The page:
Charity De Souza is a Florida native and travel enthusiast. Traveling to over 50 countries abroad and residing in 6, she has a passion for exploring new cultures. While Central Florida is where she calls home, her favorite travel memories include skydiving in Switzerland and watching the sunset in Morocco.
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A winning combination of colorful architecture, world-class cuisine and Mediterranean climate, Lisbon is an alluring destination that lures in sunseekers, food enthusiasts and culture vultures alike. Spend your days sipping coffee in an open square, exploring domed cathedrals or getting lost in its cobbled alleyways. From historic castles to modern art museums, read on to discover the best things to do in Lisbon, Portugal.
One of the most scenic ways to explore Lisbon, hop on the famous Tram 28. The historic tram rumbles through Lisbon’s historic streets and travels through the foot of Bairro Alto, the shopping districts of Baixa and Chiado before placing you near the churches and castles on the hills of the Alfama and Graca neighborhoods. Many of these trams were the same that were used in World War II, where many travelers prefer to take it up the steep Alfama hill before walking down to explore the neighborhood.
Perched atop Lisbon’s highest hill in Alfama, Sao Jorge Castle is a great place to soak up nearly 1,000 years of Lisbon history and see a national monument. Serving as a fortification site for the Romans, Visigoths and the Moors, visit here to explore the relics that remain intact, including cannons, underground chambers and 18 towers, one of which houses a camera obscura. Take a break with a glass of wine at the restaurant on-site or wander through the gardens to spot local wildlife.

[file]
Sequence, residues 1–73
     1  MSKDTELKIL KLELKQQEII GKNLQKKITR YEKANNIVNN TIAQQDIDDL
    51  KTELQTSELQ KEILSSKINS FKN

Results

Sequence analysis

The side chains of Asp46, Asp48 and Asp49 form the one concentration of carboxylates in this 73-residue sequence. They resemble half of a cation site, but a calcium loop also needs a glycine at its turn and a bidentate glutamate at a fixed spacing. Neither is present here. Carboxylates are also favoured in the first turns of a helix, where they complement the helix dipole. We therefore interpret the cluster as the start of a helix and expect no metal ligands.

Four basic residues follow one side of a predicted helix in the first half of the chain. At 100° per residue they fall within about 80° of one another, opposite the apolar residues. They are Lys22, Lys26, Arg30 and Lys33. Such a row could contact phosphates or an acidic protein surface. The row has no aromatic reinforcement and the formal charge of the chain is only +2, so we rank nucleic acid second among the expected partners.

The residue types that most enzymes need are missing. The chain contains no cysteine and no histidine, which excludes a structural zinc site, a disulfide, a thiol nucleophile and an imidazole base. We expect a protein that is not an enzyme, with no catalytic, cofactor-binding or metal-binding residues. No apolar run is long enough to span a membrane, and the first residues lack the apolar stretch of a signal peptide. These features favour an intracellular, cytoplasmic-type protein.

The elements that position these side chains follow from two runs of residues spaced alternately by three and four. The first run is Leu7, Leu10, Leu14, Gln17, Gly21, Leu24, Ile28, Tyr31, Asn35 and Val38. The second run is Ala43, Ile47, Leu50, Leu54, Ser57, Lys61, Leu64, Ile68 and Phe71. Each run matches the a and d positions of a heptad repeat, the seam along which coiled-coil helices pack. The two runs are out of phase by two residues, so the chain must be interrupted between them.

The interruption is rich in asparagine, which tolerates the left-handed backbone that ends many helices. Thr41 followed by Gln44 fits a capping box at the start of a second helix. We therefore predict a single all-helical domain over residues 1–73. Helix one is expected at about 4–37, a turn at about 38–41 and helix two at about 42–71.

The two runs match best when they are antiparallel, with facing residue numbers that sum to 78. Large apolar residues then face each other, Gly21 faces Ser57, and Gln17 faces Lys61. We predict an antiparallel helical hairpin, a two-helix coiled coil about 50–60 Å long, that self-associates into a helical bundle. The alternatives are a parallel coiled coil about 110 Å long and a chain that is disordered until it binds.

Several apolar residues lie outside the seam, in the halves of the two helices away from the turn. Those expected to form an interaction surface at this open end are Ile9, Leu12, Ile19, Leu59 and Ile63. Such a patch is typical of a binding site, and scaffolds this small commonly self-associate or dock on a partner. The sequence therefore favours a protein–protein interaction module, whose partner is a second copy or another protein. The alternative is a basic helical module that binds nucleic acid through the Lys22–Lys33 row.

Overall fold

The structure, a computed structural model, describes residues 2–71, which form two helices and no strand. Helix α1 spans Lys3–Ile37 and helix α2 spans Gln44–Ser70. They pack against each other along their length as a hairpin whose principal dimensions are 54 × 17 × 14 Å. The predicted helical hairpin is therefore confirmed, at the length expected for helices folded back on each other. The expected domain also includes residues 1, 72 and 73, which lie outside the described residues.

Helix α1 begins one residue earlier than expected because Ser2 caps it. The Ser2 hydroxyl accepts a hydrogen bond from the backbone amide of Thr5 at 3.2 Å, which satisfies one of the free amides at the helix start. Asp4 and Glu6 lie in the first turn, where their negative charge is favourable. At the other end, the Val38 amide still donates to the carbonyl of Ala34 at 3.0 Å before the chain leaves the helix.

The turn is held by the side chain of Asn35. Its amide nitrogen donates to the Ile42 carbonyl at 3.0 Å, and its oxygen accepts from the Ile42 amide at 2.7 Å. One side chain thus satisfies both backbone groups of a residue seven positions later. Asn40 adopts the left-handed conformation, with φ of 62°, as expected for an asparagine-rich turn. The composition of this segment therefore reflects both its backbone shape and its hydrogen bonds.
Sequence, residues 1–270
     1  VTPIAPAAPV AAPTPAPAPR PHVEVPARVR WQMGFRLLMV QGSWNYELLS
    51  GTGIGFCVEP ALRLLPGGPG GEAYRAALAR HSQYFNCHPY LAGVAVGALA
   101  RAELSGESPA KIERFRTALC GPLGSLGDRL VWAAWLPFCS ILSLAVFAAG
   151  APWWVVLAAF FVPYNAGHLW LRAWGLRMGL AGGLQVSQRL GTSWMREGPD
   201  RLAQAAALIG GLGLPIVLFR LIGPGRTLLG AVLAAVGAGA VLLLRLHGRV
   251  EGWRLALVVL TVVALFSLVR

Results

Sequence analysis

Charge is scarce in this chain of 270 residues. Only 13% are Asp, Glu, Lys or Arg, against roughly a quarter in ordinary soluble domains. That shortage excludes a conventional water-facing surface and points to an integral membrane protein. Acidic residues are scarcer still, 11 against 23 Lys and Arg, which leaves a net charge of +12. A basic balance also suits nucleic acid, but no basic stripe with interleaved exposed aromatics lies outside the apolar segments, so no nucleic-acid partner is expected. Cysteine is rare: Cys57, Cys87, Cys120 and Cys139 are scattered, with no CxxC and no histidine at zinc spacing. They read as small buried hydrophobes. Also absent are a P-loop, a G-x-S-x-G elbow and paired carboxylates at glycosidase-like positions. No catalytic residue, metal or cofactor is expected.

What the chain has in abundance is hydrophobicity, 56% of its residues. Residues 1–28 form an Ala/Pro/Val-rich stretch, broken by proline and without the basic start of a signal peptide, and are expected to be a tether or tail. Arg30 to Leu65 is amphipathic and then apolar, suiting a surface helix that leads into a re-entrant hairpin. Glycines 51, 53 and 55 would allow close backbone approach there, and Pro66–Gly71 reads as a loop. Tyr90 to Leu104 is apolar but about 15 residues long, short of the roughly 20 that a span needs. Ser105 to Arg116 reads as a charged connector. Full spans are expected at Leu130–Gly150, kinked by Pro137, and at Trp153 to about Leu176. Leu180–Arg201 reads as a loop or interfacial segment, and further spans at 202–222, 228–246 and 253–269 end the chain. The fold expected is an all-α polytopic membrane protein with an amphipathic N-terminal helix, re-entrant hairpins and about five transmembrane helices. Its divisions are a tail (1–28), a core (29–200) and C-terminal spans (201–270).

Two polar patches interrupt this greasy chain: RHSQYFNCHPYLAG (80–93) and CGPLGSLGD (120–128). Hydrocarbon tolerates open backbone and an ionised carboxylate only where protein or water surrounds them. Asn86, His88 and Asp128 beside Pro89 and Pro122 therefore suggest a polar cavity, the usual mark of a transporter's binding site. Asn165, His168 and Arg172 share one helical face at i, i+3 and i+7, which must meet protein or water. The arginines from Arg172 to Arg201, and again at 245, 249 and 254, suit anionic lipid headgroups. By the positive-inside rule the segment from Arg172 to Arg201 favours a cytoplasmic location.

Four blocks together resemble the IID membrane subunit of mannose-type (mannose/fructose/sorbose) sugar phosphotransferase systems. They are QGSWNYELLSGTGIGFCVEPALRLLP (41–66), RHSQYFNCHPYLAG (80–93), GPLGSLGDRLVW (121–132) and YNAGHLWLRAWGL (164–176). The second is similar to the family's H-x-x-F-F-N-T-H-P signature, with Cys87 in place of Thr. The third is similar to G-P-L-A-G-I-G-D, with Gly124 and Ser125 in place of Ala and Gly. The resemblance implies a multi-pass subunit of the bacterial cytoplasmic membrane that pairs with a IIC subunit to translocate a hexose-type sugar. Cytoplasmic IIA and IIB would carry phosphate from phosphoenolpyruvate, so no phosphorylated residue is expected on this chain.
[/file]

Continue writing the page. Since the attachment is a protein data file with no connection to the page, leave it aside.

A historic waterfront neighborhood, Belem is home to some of Lisbon’s most significant monuments, museums and the city’s iconic Portuguese tart shop, Pasteis de Belem. Explore the Jeronimos Monastery, admire the architecture of the Belem Tower and see the Belem Palace, the official residence of Portugal’s president. Unwind with a stop at Pasteis de Belem to indulge in one or a few of the Portuguese egg tart pastries.